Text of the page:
from The American Heritage® Dictionary of the English Language, 4th Edition
- n. See Japanese cedar.
from Wiktionary, Creative Commons Attribution/Share-Alike License
- n. Any tree of the genus Cryptomeria, especially the Japanese cedar, Cryptomeria japonica
from The Century Dictionary and Cyclopedia
- n. A genus of coniferous plants of the family Pinaceæ and tribe Taxoideæ, technically distinguished from Taxodium by the manifest toothed inner scales of the cones.
from WordNet 3.0 Copyright 2006 by Princeton University. All rights reserved.
- n. Japanese cedar; sugi
She came home with something called a cryptomeria, a live cedar with foliage like feathers growing in spirals, nothing like a traditional Christmas tree.
Two that come to mind are Yoshino cryptomeria C. japonica 'Yoshino' and green giant arborvitae.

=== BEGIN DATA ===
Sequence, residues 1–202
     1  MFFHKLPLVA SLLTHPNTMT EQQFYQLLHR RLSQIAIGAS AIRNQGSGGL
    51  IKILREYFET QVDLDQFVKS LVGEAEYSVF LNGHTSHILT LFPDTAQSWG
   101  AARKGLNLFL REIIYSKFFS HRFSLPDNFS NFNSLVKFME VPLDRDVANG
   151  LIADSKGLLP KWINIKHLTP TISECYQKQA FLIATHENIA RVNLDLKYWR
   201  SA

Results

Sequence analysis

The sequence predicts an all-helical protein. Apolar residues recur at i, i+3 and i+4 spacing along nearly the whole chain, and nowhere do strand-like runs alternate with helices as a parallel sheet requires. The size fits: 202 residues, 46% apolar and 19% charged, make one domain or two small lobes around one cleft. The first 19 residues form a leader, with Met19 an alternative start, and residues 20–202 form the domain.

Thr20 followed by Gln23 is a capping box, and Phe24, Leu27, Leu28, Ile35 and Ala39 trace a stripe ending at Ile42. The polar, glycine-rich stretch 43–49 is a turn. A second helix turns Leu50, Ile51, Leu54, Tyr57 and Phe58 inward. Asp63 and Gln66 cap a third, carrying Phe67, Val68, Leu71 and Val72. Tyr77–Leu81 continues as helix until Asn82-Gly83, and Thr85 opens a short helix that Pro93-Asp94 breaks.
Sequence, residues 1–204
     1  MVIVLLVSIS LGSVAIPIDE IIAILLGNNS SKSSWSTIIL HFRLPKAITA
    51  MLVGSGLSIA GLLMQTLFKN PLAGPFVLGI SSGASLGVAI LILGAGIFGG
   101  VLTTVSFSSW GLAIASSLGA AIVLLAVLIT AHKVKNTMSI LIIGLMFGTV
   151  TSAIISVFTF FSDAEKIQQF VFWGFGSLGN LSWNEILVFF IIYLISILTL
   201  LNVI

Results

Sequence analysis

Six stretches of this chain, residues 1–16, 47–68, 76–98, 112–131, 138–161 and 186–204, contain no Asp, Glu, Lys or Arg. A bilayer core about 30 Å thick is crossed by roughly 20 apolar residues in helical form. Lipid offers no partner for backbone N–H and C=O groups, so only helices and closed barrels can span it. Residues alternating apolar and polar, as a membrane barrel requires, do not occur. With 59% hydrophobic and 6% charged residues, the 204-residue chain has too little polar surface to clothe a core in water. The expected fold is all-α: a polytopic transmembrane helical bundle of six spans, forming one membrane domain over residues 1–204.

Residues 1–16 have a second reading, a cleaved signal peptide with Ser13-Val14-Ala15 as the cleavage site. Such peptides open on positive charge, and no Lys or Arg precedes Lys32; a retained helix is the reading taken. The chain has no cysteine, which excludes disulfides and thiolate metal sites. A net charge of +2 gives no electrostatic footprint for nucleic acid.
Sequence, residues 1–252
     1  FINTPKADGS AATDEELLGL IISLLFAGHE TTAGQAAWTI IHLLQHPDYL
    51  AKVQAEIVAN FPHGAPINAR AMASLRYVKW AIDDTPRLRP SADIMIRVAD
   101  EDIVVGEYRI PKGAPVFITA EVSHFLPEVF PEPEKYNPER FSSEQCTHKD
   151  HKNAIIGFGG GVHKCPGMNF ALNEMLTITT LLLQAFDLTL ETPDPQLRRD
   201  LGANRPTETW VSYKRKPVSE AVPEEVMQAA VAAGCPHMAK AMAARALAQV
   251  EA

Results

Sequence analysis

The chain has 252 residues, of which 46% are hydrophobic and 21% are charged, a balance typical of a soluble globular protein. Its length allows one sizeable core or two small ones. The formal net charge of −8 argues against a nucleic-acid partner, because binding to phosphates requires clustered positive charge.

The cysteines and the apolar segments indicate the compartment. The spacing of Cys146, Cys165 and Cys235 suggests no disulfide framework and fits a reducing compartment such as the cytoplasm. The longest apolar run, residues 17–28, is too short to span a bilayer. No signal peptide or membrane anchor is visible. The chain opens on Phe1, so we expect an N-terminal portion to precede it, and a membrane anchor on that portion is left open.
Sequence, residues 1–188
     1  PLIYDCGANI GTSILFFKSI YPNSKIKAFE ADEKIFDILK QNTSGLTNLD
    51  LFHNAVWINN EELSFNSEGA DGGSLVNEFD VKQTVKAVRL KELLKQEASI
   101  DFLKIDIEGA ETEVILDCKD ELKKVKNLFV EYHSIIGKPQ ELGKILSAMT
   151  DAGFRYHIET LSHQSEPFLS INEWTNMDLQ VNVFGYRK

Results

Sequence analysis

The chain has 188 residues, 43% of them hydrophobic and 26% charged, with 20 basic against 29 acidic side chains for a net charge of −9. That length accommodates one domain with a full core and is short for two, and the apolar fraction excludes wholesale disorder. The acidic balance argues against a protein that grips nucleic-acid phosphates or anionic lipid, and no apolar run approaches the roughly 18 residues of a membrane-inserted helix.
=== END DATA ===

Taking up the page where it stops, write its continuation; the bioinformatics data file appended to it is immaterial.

Here an earthquake (prophetic as it turned out) overtook us one hot break of dawn, and we fled out into the garden, where a tall cryptomeria waggled its insane head back and forth with an ‘I told you so’ expression; though not a breath was stirring.
The cryptomeria now loomed over her garden of gloom.
The cryptomeria tree is the Japanese version of our redwood ...
I remember suggesting that a satisfactory place for such a demonstration would be a large forest of cryptomeria trees not far from Tokyo.
We left early this morning in drizzling rain, and went straight up hill under the cryptomeria for eight miles.
After a long ascent through a region of light, peaty soil, wooded with pine, cryptomeria, and scrub oak, a long descent and a fine avenue terminate in Shinjo, a wretched town of over 5000 people, situated in a plain of rice-fields.
It was pretty country, even in the downpour, when white mists parted and fir-crowned heights looked out for a moment, or we slid down into a deep glen with mossy boulders, lichen-covered stumps, ferny carpet, and damp, balsamy smell of pyramidal cryptomeria, and
There were groves of cryptomeria on small hills crowned by Shinto shrines, approached by grand flights of stone stairs.